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Home arrow Management arrow IT Project Management: A Geek Guide to Leadership
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Leadership in Action

A week later, Jonathan and Joab met in the small conference room to discuss the design document.

“How are you today?” Jonathan asked with a smile.

“I’m ... ah ... OK,” Joab responded.

“The design document you sent me looks great,” Jonathan said. “And you were right about the IPM network module. We received an email from the vendor explaining how they will rectify this problem.”

“Thanks,” said Joab with a slight smile. “I’m friends with one of the vendor engineers, and he told me what’s going on.”

“If you don’t mind me asking,” Jonathan said, “what happened on Saul’s project? Why does he blame you for the testing schedule slippage? You seem to be on top of your game, and I’m looking forward to working with you, but I need to make sure we avoid problems like that on this project.”

“I tried to tell Saul about the schedule risk,” Joab said. “I notified him about the risk, expecting him to update the risk register per our policy, but he said I was responsible for coordinating with the customer to convince them to open the facility on the day we scheduled for testing. The customer had another event scheduled for that week, so I escalated the issue to Saul to resolve. I want to be a team player, but they were not going to listen to me—they needed to hear from him.”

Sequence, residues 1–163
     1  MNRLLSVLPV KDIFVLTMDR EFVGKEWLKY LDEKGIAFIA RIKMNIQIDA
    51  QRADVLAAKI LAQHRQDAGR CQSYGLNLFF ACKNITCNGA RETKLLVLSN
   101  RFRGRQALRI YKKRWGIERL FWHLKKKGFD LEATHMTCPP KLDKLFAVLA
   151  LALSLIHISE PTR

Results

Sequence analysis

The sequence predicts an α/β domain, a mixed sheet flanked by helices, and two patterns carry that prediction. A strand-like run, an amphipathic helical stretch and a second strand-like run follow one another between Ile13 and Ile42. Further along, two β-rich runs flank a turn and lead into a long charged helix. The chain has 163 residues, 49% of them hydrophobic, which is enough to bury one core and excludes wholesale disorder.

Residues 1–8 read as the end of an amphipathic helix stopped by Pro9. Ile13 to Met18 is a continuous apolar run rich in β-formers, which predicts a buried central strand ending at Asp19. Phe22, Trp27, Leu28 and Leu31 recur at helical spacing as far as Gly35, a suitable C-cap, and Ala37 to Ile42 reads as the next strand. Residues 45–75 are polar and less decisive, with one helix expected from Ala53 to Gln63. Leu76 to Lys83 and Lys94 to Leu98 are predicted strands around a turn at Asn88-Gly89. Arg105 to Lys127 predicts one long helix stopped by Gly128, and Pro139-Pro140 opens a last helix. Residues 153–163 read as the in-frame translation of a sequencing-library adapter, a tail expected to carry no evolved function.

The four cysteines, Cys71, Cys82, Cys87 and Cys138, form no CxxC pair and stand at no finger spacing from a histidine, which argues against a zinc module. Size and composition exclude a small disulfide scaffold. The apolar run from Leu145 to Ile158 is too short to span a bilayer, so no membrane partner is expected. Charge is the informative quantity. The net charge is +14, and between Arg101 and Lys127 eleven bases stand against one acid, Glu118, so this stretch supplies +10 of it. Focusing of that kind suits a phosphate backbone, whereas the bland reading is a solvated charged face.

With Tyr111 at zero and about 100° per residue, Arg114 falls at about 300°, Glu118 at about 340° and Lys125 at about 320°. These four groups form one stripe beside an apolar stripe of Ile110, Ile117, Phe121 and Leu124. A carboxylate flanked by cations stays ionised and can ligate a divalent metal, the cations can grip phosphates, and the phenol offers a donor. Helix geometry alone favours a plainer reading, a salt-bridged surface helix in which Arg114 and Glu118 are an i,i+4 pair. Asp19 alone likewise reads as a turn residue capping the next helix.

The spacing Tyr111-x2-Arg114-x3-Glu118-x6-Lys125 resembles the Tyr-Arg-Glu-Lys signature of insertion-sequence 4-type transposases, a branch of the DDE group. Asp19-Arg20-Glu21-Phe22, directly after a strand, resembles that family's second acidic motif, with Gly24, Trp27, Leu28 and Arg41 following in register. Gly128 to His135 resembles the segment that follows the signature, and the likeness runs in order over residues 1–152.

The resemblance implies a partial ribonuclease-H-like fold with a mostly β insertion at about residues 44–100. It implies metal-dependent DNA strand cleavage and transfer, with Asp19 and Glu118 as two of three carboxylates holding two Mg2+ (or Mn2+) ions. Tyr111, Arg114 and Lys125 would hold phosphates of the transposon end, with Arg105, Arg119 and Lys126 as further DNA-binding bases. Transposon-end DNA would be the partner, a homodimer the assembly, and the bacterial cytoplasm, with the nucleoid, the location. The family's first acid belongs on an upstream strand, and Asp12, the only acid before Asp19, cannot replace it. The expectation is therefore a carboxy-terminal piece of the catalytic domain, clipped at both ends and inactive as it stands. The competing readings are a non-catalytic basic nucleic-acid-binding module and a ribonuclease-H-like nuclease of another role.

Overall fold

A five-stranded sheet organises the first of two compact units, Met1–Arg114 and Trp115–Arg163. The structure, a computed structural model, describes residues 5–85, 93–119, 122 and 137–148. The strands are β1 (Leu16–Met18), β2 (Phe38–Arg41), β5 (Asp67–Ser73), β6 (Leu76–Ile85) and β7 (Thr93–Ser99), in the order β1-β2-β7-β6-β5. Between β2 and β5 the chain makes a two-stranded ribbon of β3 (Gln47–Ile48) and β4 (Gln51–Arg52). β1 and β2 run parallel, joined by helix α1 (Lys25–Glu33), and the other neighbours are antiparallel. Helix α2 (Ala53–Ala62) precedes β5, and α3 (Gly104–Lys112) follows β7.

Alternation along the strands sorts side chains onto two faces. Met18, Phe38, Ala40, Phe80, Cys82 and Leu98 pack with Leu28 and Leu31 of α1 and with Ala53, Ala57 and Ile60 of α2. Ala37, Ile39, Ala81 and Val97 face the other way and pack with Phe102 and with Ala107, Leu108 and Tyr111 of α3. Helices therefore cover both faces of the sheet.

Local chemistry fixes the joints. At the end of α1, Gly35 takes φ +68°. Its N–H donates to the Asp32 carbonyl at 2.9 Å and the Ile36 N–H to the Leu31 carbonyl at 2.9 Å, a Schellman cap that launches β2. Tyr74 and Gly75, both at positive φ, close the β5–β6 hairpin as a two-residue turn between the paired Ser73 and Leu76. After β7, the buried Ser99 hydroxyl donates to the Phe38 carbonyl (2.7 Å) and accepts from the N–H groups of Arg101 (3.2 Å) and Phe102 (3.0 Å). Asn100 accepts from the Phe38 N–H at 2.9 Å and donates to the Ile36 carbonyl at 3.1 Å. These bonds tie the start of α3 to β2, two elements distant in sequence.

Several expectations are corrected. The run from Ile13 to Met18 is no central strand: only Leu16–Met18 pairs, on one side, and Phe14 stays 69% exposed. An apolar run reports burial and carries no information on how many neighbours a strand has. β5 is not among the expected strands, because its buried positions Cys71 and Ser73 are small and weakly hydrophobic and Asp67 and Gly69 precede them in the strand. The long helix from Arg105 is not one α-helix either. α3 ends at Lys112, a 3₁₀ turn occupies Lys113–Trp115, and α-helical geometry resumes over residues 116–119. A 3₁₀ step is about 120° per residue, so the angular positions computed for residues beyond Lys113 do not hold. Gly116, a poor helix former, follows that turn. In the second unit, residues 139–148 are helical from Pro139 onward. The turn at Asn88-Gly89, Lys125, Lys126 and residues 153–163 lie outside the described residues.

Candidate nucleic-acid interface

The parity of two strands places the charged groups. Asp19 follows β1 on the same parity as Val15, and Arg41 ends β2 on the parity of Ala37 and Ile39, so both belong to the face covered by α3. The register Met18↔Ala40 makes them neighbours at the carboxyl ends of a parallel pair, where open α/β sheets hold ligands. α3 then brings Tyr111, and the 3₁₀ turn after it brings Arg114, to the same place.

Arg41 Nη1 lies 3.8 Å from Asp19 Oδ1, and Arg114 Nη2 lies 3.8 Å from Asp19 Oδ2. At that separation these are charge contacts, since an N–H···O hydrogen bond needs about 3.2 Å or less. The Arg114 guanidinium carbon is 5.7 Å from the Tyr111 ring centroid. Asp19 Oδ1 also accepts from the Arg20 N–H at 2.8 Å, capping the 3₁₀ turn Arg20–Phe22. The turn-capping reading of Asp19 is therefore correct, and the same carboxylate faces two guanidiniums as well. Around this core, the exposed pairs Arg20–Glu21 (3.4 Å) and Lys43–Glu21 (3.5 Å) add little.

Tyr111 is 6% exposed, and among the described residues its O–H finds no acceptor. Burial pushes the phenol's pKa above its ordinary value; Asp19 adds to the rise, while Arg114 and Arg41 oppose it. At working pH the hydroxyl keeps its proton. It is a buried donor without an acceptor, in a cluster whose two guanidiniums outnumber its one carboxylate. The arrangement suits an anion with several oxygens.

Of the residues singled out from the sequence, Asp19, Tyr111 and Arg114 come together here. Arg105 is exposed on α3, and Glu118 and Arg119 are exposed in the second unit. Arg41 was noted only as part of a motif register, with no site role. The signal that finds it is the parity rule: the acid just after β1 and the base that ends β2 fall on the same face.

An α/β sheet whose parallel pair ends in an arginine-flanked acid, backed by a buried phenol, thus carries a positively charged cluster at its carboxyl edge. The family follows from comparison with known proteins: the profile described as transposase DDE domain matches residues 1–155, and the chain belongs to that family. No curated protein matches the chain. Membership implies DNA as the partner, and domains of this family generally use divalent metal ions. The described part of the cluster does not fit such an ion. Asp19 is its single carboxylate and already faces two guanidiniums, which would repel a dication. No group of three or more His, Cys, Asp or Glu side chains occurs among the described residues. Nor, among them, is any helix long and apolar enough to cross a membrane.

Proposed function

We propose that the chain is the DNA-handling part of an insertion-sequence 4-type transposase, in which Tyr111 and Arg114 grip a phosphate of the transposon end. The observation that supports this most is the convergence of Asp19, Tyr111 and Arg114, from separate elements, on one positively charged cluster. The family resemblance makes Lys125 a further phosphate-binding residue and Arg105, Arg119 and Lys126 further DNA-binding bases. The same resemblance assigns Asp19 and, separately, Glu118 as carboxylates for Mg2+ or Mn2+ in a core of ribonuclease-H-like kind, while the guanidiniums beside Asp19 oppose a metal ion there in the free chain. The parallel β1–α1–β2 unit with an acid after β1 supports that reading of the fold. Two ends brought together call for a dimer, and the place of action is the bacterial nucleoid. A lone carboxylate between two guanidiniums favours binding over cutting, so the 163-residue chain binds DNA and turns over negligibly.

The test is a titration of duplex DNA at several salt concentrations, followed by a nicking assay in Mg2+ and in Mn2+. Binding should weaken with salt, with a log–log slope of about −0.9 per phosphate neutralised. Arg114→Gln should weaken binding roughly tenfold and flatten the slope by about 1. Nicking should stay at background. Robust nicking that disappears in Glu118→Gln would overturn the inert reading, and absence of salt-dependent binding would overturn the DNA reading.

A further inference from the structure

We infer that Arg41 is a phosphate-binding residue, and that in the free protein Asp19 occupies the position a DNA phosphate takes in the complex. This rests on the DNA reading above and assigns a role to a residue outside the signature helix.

“I see,” Jonathan said, nodding in agreement.

“There is ... ah ... something else, too,” Joab said. “Ever since the day Saul saw me leaving my place of worship, he’s treated me differently. I think he does not like me because I’m .”

“It doesn’t matter what religion you are,” Jonathan said, cutting him off. “Or your race, gender, or who you love. Everyone deserves to be treated with dignity and respect. I’ve learned a lot from Samuel over the past few weeks, and one of the things I’ve learned is that we have to be tolerant of one another. We can’t expect you to be productive if you’re feeling disrespected. The way Saul treated you was wrong, and I’m sorry for misjudging you. I’m sorry for letting how he treated you influence my behavior.”

“Thank you,” Joab said. “You’re not like your father. He never asked me how I felt. He certainly never apologized. He just yells. Samuel is the only one around here who listens.”

“You can talk to me, too.” Jonathan said. “And I have a feeling that Samuel will deal with Saul.”

 
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